The Generation Trap
Over the River and Through the Woods (written by Joe DiPietro and directed by Kenneth Kay) is one of those plays you walk out of saying, "Gee, my mother would have loved that," and lo and behold, you look around and there is your mother -- and all of her friends. The Caldwell Theatre has been putting on excellent theater for many years. That said, this particular play must be described as offering the two things that seem to please senior citizens the most: lots of laughs and a few good cries. Ironically the audience mirrors a generation gap that is more disturbing than the one portrayed onstage.
The play tells the story of Nick (John D'Aquino), the grandson of four Italian immigrants, who is climbing his way to the top of the ladder as an advertising executive in New York City. Despite his busy schedule, Nick finds the time every Sunday to take the bus into Hoboken, New Jersey, to have dinner with his maternal grandparents, Frank and Aida (Arland Russell and Harriet Oser), and his paternal grandparents, Nunzio and Emma (Tom Troupe and Elayne Wilks). One Sunday Nick announces he has been awarded a promotion requiring him to move to Seattle and has decided to take it. This sets off a harebrained scheme on the part of his grandparents. In a desperate attempt to keep him from moving, they invite Caitlin (Lara MacGregor), the unmarried niece of Emma's canasta partner, to Sunday dinner, hoping that Nick will fall in love with her and stay put. An innovative plot is not this play's strength, although DiPietro does manage to throw in a couple of surprises and steer clear of a fairy-tale ending. This is quite an accomplishment, considering that the play is rather like a television sitcom.
Over the River and Through the Woods dramatizes a conflict to which almost any American can relate: Even if we are not the children or grandchildren of immigrants, we are the children and grandchildren of people whose values are very different from our own. This play explores the Italian version of the clash. The set, by Tim Bennett, could hardly be more working-class Italian American. Its focal point is an overstuffed couch with an afghan thrown across it, and we also see the Catholic icons: statues of the Virgin Mary and Jesus with his Sacred Heart and a bad replica of Leonardo's Last Supper hanging over the dining room table. The set doesn't change, but a screen door and front porch step on stage right confer some versatility and allow for private dialogues.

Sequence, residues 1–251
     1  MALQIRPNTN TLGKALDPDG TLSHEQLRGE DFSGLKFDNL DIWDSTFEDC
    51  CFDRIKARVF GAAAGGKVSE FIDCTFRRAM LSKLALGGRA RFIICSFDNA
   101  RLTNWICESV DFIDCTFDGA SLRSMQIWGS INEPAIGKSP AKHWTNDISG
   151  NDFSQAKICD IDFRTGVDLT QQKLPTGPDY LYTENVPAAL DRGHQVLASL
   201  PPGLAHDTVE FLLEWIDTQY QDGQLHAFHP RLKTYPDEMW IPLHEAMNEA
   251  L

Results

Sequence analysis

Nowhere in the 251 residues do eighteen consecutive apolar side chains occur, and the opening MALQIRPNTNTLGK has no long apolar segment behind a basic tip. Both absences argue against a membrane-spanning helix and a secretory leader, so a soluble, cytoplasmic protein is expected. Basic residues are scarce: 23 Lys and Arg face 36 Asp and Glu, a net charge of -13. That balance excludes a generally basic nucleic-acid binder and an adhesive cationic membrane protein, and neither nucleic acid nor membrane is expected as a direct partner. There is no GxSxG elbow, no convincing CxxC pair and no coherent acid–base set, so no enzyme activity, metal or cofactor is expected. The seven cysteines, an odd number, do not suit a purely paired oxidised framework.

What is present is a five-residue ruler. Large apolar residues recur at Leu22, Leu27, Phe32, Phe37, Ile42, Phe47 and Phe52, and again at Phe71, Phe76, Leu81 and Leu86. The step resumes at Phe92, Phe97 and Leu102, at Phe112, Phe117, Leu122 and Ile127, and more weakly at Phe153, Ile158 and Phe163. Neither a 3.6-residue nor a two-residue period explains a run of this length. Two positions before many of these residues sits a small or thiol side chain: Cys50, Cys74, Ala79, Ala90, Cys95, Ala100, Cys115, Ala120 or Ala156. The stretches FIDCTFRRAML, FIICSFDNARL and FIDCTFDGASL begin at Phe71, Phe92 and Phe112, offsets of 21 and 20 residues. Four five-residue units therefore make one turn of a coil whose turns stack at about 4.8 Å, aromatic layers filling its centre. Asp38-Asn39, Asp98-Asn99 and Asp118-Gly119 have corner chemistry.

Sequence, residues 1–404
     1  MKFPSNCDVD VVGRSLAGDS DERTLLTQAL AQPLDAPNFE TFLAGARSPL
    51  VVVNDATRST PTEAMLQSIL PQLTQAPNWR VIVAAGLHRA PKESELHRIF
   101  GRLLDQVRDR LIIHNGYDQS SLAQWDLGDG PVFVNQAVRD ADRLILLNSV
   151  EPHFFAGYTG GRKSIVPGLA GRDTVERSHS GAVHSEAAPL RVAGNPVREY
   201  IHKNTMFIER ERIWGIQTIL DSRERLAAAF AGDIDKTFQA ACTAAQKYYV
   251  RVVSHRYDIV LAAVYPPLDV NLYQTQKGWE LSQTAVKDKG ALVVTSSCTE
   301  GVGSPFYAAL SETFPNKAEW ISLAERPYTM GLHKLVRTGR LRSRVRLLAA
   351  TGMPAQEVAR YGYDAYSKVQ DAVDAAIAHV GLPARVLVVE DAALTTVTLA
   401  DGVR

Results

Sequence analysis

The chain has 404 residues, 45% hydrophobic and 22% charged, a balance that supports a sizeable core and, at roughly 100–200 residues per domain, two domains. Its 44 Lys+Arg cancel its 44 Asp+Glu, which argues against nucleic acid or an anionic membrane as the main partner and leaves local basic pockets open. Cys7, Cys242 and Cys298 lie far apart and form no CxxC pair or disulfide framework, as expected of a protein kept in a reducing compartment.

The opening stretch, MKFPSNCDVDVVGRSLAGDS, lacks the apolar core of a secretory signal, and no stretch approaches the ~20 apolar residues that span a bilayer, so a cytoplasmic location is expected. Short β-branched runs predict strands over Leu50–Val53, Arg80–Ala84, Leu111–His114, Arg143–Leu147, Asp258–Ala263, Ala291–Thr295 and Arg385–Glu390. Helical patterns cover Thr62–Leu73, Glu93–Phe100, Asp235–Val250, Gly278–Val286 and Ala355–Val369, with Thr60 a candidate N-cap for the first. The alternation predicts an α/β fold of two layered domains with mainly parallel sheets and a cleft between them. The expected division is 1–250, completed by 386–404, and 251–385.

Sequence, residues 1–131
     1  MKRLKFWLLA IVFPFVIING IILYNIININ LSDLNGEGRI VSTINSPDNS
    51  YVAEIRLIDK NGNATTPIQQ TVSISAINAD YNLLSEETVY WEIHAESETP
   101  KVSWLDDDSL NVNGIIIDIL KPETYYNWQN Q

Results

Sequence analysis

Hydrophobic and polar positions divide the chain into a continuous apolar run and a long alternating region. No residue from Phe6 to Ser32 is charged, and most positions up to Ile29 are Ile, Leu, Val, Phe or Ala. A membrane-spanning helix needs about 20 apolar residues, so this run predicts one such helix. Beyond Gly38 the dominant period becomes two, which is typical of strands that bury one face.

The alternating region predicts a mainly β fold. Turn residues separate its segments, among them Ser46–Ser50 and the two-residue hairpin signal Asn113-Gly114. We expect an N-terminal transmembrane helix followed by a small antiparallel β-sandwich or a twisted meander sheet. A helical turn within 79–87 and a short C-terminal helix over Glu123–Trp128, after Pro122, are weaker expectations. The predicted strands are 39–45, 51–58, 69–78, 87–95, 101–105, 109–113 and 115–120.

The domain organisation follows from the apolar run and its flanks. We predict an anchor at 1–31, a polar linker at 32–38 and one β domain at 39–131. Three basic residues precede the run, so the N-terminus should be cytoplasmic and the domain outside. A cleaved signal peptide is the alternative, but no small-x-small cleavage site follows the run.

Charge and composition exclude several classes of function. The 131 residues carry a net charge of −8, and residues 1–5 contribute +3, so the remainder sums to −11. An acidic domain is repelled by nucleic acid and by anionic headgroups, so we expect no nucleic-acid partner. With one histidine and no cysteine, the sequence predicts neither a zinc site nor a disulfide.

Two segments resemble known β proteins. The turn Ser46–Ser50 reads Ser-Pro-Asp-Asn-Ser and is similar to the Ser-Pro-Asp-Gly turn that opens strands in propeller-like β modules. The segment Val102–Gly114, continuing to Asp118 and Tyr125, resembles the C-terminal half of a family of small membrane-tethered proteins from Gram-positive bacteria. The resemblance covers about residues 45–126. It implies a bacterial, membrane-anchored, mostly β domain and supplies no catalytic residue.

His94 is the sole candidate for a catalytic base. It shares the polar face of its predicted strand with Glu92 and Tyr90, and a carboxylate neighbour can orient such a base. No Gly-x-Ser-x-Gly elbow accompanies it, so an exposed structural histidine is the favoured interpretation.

Nick must confront the deeply held belief that, because family is the most important thing (the Italian credo "Tengo famiglia" sounds throughout the script), all decisions should be made accordingly. But he's a modern man. It is obvious to Nick that success does not lie in marrying young, working in a factory to provide for his family, and spending his entire life with one person, as he explains to his grandparents when he loses his temper over their matchmaking scheme. "Today we do things different," he lectures them. "We don't marry at eighteen. We have careers and make money, and then we pick and choose a person very carefully, and we do it when we're good and ready!" Later, in a much different tone, he explains a long-distance relationship to his grandfather: "It's called a commuter relationship, Gramps, and it's very annoying."
DiPietro does not oversentimentalize -- no mean feat with one or more Italian-American grandparents onstage much of the time. He manages to maintain the Italian flavor we expect (the cheek-pinching, the constant "You look hungry," the "When are you going to get married?") without making it seem stereotypical. The script is filled with truly funny anecdotes from the grandparents' past and current lives. These are not just any grandparents; these are Nick's grandparents, specific people with their own idiosyncrasies.
The cast, a talented and highly experienced troupe, brings out the relationships among the four grandparents as well as the balance among the grandparents and Nick. The man-to-man talks that Nick has with each grandfather, for example, help to modulate the stage activity from funny to relatively serious while enhancing the characters' individualities. The drama also has several freeze-frame moments when the action stops and one character delivers a monologue. These prove to be excellent vehicles for Nick's dry, sarcastic humor.